AUG 15, 2021 7:24 AM PDT

The Killer Instinct of a Dainty Flower is Finally Exposed

WRITTEN BY: Carmen Leitch

The exotic Venus flytrap is a famous carnivorous plant that's easy to identify. But it seems that another carnivorous plant has been quietly lurking among the regular flora of the Pacific coast for many years, undetected. Researchers described Triantha occidentalis in the scientific literature for the first time in 1879, but now, its special talent for digesting small insects has been revealed.

Credit: An image of Triantha occidentalis by Danilo Lima

Scientists have reported this totally new lineage of carnivorous plants in the Proceedings of the National Academy of Sciences, making it the first to be discovered in two decades. Insect-eating, flowering plants are already unusual, but this new one, the North American flowering plant Triantha occidentalis, uses a sticky-trap mechanism that is unique among plants that capture insect prey. These plants typically use leaves to trap insects, but the stemmy sites where insect prey are captured and killed on Triantha sit adjacent to flowers that must also be pollinated by insects.

Triantha's flowering stems are sticky, and they release an enzyme that can digest small insects it traps. The enzyme, phosphatase, is found in all plant carnivores that digest their prey directly. But Triantha is the only one that has sticky-traps next to its flowers. The insects this plants traps are small, while larger pollinators like bees and butterflies are spared by the carnivore, helping to ensure that it can have the help of its insect friends and eat some insects, too.

Fewer than 1,000 species of plants are carnivorous, and they tend to dwell in places without many resources. Carnivorous plants need nutrients to grow and reproduce, and insects help them achieve that goal even when they live in nutrient-poor habitats.

The researchers noted that since Triantha doesn't live anywhere that's difficult to access, it lives near cities, there may be other plant carnivores waiting to be discovered.

"We had no idea it was carnivorous," botanist Sean Graham of the University of British Columbia told NPR. "This was not found in some exotic tropical location, but really right on our doorstep in Vancouver. You could literally walk out from Vancouver to this field site."

Sources: Proceedings of the National Academy of Sciences, NPR

About the Author
BS
Experienced research scientist and technical expert with authorships on over 30 peer-reviewed publications, traveler to over 70 countries, published photographer and internationally-exhibited painter, volunteer trained in disaster-response, CPR and DV counseling.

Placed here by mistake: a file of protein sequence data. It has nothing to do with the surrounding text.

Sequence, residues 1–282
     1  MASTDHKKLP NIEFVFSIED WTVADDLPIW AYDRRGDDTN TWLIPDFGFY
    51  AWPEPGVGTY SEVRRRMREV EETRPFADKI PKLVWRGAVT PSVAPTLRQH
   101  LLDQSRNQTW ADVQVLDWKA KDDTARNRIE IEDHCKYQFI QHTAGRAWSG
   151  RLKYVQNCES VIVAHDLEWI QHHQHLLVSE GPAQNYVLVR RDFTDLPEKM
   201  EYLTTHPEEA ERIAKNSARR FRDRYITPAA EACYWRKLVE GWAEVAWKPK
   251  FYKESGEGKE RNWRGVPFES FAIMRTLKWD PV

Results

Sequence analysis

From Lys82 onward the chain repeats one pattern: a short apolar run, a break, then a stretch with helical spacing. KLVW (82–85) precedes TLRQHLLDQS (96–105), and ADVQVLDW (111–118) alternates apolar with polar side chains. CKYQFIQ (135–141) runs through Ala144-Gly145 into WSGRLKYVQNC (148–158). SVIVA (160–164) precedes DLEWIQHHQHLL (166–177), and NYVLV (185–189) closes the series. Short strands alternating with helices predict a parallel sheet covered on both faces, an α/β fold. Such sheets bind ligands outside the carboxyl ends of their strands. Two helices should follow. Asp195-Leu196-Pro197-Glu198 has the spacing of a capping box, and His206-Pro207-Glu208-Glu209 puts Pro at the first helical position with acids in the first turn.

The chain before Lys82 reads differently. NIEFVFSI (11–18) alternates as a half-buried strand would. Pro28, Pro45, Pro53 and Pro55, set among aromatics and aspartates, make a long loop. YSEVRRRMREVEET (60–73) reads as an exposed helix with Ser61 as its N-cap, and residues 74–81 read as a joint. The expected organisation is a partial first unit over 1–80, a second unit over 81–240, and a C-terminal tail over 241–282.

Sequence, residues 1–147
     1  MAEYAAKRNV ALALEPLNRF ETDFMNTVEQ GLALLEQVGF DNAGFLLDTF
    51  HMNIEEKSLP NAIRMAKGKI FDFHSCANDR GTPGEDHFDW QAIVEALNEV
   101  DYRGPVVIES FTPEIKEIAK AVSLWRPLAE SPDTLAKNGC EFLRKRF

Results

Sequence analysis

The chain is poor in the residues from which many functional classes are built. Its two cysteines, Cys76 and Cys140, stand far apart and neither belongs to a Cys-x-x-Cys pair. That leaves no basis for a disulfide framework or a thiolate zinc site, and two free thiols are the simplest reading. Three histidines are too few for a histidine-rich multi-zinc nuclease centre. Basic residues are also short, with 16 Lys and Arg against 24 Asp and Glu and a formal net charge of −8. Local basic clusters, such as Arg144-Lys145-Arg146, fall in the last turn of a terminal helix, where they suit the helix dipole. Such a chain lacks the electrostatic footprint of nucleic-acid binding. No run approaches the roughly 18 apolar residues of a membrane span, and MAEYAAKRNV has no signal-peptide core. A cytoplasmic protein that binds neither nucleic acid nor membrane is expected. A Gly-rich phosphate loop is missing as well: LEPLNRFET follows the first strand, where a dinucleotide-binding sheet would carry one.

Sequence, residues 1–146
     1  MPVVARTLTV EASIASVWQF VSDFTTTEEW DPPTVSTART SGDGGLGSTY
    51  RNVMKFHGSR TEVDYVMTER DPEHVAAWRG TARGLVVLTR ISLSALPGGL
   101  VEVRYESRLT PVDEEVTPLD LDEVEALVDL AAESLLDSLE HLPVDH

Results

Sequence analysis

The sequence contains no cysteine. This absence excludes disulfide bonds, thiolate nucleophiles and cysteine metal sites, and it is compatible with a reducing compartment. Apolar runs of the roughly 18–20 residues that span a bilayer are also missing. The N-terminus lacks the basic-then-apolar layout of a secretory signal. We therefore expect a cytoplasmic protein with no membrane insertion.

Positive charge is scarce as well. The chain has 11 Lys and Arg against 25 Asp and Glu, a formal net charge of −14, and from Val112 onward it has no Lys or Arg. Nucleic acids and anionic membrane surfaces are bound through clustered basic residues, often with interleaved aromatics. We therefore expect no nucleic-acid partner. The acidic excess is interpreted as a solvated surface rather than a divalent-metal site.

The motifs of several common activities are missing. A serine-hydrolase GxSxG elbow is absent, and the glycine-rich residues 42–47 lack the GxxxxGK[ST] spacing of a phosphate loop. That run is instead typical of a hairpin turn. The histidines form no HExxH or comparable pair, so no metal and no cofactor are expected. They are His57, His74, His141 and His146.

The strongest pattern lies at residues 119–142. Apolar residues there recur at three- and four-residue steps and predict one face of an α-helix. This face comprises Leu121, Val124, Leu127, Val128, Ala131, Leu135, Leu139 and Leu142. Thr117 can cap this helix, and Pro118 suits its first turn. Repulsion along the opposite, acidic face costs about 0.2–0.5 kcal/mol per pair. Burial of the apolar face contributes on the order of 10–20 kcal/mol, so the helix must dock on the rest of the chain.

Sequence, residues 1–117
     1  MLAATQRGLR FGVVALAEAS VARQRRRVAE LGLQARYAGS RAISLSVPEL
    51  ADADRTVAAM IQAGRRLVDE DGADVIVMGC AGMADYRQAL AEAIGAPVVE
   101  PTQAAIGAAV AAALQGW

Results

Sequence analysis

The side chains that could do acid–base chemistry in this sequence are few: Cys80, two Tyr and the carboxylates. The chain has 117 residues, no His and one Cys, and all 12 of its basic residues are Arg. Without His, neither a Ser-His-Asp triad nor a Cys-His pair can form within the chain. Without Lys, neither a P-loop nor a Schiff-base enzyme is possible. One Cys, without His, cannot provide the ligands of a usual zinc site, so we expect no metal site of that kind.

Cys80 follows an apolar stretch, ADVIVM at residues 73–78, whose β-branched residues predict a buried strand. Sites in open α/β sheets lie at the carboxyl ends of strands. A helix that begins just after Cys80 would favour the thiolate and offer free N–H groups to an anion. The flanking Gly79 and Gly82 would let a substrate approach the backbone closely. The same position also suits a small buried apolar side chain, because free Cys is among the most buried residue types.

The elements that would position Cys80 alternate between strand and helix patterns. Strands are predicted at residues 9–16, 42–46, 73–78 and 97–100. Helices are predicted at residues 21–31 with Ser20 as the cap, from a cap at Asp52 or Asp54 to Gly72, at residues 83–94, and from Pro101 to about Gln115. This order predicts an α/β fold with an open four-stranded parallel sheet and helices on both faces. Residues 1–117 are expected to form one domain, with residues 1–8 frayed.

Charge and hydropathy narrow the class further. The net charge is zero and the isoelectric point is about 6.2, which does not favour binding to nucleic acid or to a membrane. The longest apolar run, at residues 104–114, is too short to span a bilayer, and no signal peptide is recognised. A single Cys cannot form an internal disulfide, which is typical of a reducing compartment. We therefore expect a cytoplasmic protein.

You May Also Like
MAY 16, 2022
Cancer
"Pawsitive" Effects of Pet Therapy
MAY 16, 2022
"Pawsitive" Effects of Pet Therapy
  Over the past couple of months, we have explored art and music therapies, two types of alternative therapeutic ap ...
JUN 09, 2022
Plants & Animals
Traditional Indian Medicine Helps Treat and Manage Type 2 Diabetes
JUN 09, 2022
Traditional Indian Medicine Helps Treat and Manage Type 2 Diabetes
Medicine has been practiced for millennia. Despite the dominance of Western medicine, many traditional approaches to tre ...
JUN 30, 2022
Plants & Animals
Ancient Microbes Could Provide Clues to Finding Extraterrestrial Life
JUN 30, 2022
Ancient Microbes Could Provide Clues to Finding Extraterrestrial Life
Scientists have long wondered what Earth was like in its most nascent stage. More importantly, researchers have tried to ...
JUL 12, 2022
Plants & Animals
Gardening Lowers Stress, Anxiety, and Depression
JUL 12, 2022
Gardening Lowers Stress, Anxiety, and Depression
In a new study published in PLOS ONE, a research team from the University of Florida shows how gardening, even for novic ...
JUL 19, 2022
Earth & The Environment
What is the rock cycle and why is it important?
JUL 19, 2022
What is the rock cycle and why is it important?
When we look at a rock, we often just focus on its size and appearance. Is it light or heavy? Dark or shiny? But there i ...
AUG 12, 2022
Earth & The Environment
Humans, not climate, contributed to mammal community similarities 10,000+ years ago
AUG 12, 2022
Humans, not climate, contributed to mammal community similarities 10,000+ years ago
In a recent study published in Nature Communications, an international team of researchers discuss how the increasing ho ...
Loading Comments...